My favorite quote from Taryn is, “Photography threatens fantasy.” Disney uses intricate interior design, photography, and video to construct fantasy. Advertisements, magazines, weddings, and portraits are about showing others the ideal instead of the reality. Have you seen the Dove Evolution video? (This one has music and singing by a Baha’i musician Devon Gundry.) What about the Ralph Lauren photo?
TED About this talk: Taryn Simon exhibits her startling take on photography — to reveal worlds and people we would never see otherwise. She shares two projects: one documents otherworldly locations typically kept secret from the public, the other involves haunting portraits of men convicted for crimes they did not commit.
I noticed a little black and white sign: “Single? athensdating.org” a while ago. A couple weeks ago it came up in conversation. Today I saw it again. So I visited the site.
First impression: A local site should have images to represent something about the locality. Generic stock photography doesn’t cut it for me. The signup for wanted my home and cell phone numbers.
That sounded phishy to me.
Domaintools.com is a great site for looking up who runs a site. If the owner has selected privacy options with their registrar, then that would be a snag. Fortunately for us, the owner of athensdating.org isn’t hiding.
Owner: NuStar Solutions
The note “Email address is associated with about 4,690 domains” caught my eye. So I looked up NuStar and found this article about these popping up everywhere. (At least DomainTools gave me the info in one shot without having to do the same extensive research.) Lots of stuff online about these signs, who is placing them, and whether or not this is a scam.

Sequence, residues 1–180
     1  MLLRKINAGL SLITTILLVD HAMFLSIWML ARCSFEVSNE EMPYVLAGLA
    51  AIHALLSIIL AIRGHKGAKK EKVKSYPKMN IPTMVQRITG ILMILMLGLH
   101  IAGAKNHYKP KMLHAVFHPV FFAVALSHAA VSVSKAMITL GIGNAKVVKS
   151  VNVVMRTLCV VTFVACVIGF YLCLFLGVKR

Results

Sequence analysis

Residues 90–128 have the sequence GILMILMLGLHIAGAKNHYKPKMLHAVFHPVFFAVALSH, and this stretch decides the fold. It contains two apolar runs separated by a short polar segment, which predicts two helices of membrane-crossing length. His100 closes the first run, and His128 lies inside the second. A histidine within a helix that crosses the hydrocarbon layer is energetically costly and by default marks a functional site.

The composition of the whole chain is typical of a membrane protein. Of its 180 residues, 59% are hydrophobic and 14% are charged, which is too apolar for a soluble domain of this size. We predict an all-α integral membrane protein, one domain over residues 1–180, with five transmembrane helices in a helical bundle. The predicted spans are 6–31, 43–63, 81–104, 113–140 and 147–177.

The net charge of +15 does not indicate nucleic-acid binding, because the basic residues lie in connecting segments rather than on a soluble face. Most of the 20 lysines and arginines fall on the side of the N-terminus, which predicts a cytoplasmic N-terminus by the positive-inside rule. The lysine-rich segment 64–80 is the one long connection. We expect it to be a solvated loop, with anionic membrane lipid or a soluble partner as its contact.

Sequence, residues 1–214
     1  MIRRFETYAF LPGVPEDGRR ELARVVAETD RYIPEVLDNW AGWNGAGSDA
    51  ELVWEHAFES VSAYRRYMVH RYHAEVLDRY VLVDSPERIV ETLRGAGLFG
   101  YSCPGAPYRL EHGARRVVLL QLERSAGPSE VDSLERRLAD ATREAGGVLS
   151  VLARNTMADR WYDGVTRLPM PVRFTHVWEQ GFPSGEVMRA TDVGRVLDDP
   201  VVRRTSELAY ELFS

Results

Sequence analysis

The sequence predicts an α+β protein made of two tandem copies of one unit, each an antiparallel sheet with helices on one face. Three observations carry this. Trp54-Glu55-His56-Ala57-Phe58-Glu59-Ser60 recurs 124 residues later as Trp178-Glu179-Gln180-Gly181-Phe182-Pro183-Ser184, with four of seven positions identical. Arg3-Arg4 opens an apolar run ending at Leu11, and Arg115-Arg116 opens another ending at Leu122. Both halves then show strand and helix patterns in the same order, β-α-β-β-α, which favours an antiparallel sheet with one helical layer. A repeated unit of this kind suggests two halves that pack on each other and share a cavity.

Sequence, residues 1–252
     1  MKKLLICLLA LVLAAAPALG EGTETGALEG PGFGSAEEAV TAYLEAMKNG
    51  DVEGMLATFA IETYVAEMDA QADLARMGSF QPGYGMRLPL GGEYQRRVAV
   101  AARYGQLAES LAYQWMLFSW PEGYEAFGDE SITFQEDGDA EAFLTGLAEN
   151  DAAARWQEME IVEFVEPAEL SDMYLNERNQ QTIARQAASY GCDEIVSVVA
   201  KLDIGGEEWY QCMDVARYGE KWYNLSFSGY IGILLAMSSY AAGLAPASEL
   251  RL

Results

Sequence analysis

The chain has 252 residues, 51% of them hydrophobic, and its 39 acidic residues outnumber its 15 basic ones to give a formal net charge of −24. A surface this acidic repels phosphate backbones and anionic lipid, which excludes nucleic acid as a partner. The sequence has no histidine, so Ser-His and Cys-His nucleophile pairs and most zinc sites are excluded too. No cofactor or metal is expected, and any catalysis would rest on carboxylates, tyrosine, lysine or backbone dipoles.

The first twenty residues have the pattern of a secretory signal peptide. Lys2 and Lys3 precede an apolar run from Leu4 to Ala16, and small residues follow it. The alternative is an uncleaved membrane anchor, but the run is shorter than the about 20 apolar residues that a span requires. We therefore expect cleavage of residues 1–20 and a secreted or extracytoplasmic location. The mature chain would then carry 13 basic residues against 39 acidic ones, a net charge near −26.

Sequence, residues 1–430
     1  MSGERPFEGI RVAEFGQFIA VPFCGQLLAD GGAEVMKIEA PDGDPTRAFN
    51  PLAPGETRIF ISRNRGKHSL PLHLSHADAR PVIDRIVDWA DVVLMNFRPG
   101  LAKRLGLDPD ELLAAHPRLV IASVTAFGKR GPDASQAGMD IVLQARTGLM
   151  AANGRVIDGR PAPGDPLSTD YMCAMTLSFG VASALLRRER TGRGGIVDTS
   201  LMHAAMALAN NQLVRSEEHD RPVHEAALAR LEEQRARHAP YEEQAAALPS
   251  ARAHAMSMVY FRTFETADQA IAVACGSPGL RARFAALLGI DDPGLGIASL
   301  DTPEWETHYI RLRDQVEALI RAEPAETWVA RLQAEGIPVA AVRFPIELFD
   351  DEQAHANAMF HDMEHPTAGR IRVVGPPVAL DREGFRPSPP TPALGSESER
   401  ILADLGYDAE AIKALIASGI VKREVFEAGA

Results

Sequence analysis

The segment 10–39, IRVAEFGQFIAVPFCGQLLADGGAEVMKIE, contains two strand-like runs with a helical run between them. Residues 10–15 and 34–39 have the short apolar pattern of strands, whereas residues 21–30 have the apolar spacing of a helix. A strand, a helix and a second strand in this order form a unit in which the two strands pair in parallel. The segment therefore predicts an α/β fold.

The first place I saw to provide a function rather than a variable is the weblog tools collection post on gravatars. The above is their recommendation with size 32 image. I picked this size because it is the size of the icon inside the WP admin (tested 64, 48, and 30 with 30 seeming about right).
Once I decided to do it, it took me about an hour to find an example using get_comment_author_email() instead of $comments or $id_or_email. It’s easy to implement.
Probably I missed or didn’t understand the announcement.
For the past month or so, I’ve noticed all these comments with the poster’s picture next to it on various blogs. I knew them to be WordPress blogs. I noticed my own WP had some default icon in the admin user interface. Today I finally put it all together.
What is the American fascination with Tutankhamun? Personally, I favor Ramses II. Actually, Ramses II was one of my first obsessions. I knew everything there was to know about him at seven years old. Decades later, I’ve forgotten most of what I knew.
We share the phoneme “Ra”. Ra was an Egyptian sun god probably a tie for my interest in other sun gods and goddesses such as Helios, Sól, Amaterasu and Apollo. Unlike Icarus, I longed to fly too close to the Sun. Other kids thought about becoming police officers or fighting fires. I longed to travel to inside the orbit of Mercury near our Sun. Also, I thought about traveling to other stars.
As a child, my doodles were small to fairly large battles of militaristic or science-fiction themes. I especially liked strong, impenetrable bases. Later, in high school, the doodles changed into massive dungeons and mammoth castles. The builder expressing itself?
The dreams of my childhood seemed unattainable in my youth. Certainly I gave up on them too early. However, I like where and who I am today.